Spain takes pride in its universal health care but Europe's debt crisis has spurred tough budget cuts that will bring sometimes life-saving treatment for illegal immigrants to an abrupt end.
Carmen Maria, a 33-year-old woman from Nicaragua who arrived in the country in 2010, has no legal ID in Spain but has benefitted from free health coverage for her illness nonetheless.
She has been working as a cleaner and despite failing to obtain residency she was able to enjoy the same health care as any legal Spanish citizen.
Ten months ago she was diagnosed with dermatomyositis, a skin disease which can be associated with a tumour and lead to potentially fatal complications.
"It's considered a rare disease and my condition requires constant medical monitoring," said Carmen Maria, whose husband and four children still live in Nicaragua.
Prime Minister Mariano Rajoy's government, faced with soaring unemployment, rising debt and a slide into recession, has launched an austerity plan aimed at cutting the deficit from 8.5 percent of GDP last year to 5.3 percent in 2012.
To achieve the package's target of cutting health expenditure by seven billion euros ($9.3 billion), only legal immigrants will retain health coverage as of September 1.
Among illegal immigrants, only children, pregnant women and emergency cases will qualify for free treatment.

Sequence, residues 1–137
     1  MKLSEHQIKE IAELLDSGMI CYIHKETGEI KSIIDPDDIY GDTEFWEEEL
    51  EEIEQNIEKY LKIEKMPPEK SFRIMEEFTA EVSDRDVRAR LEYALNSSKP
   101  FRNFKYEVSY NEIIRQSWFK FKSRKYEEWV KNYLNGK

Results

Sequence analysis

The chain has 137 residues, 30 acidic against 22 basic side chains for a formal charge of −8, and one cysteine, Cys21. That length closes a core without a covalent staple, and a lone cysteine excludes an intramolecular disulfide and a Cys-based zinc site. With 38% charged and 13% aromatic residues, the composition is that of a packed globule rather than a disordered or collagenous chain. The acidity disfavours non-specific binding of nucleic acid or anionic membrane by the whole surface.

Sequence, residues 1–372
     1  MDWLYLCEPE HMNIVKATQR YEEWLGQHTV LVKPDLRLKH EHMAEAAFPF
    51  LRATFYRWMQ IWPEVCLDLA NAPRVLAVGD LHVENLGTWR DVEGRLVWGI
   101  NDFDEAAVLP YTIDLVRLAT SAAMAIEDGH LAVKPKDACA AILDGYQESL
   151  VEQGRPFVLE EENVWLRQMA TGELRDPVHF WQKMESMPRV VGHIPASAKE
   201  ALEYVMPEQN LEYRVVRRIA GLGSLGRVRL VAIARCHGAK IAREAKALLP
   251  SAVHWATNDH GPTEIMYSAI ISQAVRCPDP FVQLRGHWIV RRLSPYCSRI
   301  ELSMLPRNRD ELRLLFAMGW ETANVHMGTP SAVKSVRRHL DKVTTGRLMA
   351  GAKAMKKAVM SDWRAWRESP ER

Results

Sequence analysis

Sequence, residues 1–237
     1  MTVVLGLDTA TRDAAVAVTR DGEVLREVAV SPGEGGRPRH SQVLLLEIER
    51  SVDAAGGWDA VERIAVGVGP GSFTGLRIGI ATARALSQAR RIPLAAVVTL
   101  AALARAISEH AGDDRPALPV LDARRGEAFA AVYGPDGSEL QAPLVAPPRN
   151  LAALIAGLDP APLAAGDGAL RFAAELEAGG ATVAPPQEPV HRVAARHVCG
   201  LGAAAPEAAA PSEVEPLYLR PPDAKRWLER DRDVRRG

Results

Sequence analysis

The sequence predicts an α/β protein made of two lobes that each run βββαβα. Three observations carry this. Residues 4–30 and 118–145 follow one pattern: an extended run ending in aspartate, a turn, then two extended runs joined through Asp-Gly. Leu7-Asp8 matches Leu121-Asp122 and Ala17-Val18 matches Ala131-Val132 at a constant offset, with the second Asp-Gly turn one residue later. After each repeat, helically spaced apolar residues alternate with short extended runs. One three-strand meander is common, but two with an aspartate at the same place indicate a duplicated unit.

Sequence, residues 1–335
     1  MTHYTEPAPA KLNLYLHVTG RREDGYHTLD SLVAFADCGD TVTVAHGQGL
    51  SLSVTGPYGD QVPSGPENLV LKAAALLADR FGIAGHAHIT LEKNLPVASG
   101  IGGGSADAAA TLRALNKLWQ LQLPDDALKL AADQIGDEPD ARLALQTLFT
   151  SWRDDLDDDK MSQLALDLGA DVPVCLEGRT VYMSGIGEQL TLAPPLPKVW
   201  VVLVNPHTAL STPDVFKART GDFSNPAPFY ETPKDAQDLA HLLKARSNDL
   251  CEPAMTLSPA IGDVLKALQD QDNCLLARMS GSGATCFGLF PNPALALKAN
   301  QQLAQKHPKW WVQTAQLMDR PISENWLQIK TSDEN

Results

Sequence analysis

"This will only put Spain on a par with other European Union countries," according to Health Minister Ana Mato.
The measure will leave half a million illegal immigrants who have been counting on Spain's health coverage with no safety net, and several organisations have been sounding alarm bells.
Carmen Maria decided to seek help from the group SOS Racismo, saying, "I'm alone here, I don't have anyone."
"The economic crisis, no matter how severe it is, should not be an excuse for stripping immigrants of all their rights," SOS Racismo said, describing access to health care as "a fundamental right".
"This is a very dangerous situation," said Vladimir Paspuel, who heads Ruminahui, a Spanish-Ecuadorian association that offers social and legal assistance to immigrants.
"It can have life-threatening consequences in cases where a disease is not treated in time," he said.
"Another thing is that it sends a subliminal message to Spanish society: 'Illegal immigrants are the ones who are pilfering the money, they are responsible for the crisis'," he explained.
In a bid to defuse any surge in anti-immigrant rhetoric among the public following the conservative government's decision, groups such Ruminahui point out that immigrants are more sparing with their visits to the doctor.
According to a study carried out by a health expert and published in the El Pais daily, immigrants on average go 5.05 times when Spaniards go 7.65 times over the same period.
"I don't go to the doctor more than twice a year," said Wilson Quintero, a 42-year-old Ecuadorian.
But scrapping health coverage for 500,000 Latin Americans, North Africans and Eastern Europeans in Spain "is a serious problem", he said.
"If someone falls ill and doesn't have a steady job, what is he supposed to do? It will become very difficult," he said.
Wilson has lived in Spain since 2002 and worked as a builder until the real estate bubble burst, which led him to lose first his job and then his residency.
Spain's unemployment rate is the highest in the industrialised world at 24.4 percent. It is even higher among immigrants at more than 40 percent.